Alexi Lalas MLS blog: Exhibition matches against Prem sides taking precedence over league games? Sod that!

Welcome to MirrorFootball's new MLS blog, brought to you in conjunction with ESPN. Every Wednesday USA legend Alexi Lalas will be on hand to bring you the latest news from the 'States, and you'll also be able to watch the week's best goals and highlights...

Greetings people of the United Kingdom! Here's your weekly shot of 100-proof Major League Soccer. Quick, smooth and potent.

Who's responsible for a waterlogged field? Sorry, I think you guys call it a "pitch". Whatever.

Over here, soaked turf has been all the rage this week. See several of our MLS stadiums (grounds?) have synthetic fields. They don't have to be watered, cut, and most importantly, can withstand 300-pound NFL players when they get together to bash their heads together.

However, when your precious EPL teams come over to North America each summer for the exhibition games - and they all come - they demand real grass. So the MLS teams roll out the good stuff. They bring in sod, which usually costs about $200k to install.

These exhibition games help expand the brands of both teams and can be incredibly lucrative for all involved. Which is why Vancouver jumped at the chance to host Manchester City at Vancouver's Empire Field on Monday night (final score: 2-1 to City) and dutifully installed a grass field in the middle of last week.

Now installing real grass over artificial turf is a little like unrolling a bunch of yoga mats right next to each other. It is not a perfect science. For one thing, it struggles to drain correctly.

Which is what caused all the problems. Last Saturday, 48 hours before the Manchester City friendly, Vancouver were set to host Real Salt Lake on the freshly laid real grass at Empire Field. Mother Nature had other ideas. She dumped an ocean of rain on British Columbia. The water accumulated on and underneath the new turf, and ultimately that luscious pitch was deemed unplayable. The MLS game was postponed.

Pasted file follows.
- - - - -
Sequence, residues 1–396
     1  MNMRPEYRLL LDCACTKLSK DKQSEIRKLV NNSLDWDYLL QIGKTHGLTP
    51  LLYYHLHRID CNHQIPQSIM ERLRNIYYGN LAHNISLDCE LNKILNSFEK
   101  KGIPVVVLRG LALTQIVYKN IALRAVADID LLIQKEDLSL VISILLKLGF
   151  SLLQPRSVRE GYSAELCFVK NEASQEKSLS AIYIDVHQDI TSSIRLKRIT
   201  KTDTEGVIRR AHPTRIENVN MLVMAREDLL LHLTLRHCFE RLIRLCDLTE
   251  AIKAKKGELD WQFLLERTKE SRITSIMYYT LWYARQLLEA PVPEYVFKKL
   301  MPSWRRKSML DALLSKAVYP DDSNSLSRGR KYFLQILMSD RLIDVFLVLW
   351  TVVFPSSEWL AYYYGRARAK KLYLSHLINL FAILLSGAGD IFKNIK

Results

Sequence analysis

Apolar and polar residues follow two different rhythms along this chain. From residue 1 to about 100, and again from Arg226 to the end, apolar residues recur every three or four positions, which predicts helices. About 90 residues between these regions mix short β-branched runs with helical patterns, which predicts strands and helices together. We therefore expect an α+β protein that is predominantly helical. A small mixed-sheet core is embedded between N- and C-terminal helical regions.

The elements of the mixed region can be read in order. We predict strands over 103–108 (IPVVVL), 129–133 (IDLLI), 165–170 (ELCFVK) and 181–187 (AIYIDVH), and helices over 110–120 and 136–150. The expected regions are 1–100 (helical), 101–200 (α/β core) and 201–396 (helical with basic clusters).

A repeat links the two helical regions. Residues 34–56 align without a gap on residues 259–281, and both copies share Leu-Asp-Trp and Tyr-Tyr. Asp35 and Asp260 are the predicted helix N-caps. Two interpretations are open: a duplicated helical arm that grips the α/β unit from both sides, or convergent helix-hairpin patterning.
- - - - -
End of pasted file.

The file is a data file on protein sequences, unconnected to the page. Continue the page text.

Now we can get back to the question of responsibility?

We all know that stuff happens. But there was a feeling that, despite the agreed upon fact that the field was indeed unplayable, the MLS game had somehow been sacrificed to save the field for what was deemed the more important Manchester City exhibition.

The truth is, Empire Field was clearly altered to accommodate a visiting foreign team for an exhibition game. So the risks that an unexpected deluge might turn the newly installed grass field into a ripped-up sponge were Vancouver's to bear. Remember, the permanent existing synthetic surface would have handled the rainfall and it has been used all year for MLS games.

Therefore, I think that Real Salt Lake can make a case for compensation.

They were ready to play and were punished by a voluntary business decision that ultimately resulted in the cancellation of their game.

But I hate forfeits - a team must sing for its supper. But the league can act. It seems most fair to give RSL the option of playing the game at home.

After all, if Vancouver can't put on their home games, maybe they don't deserve to host them.

For MLS teams, the lure of exhibition games against the elite teams of the world is too good to pass up. But it should not come at the expense of league play. Ever. While Vancouver certainly didn't plan for this to happen, that doesn't mean they're not responsible. Because as we all know, you might have the best-laid plans - or grass - and you can still find yourself under water.

Alexi Lalas is a lead football analyst for ESPN - the live and exclusive broadcaster of Major League Soccer in the UK. ESPN will broadcast live coverage of DC United v Everton at 12.30am on Saturday 23rd July. ESPN and ESPN America are the home of major sports from the US, including NBA, MLB, NHL, NFL Monday Night Football, and NCAA US college sports. For details visit www.espn.co.uk/tv   

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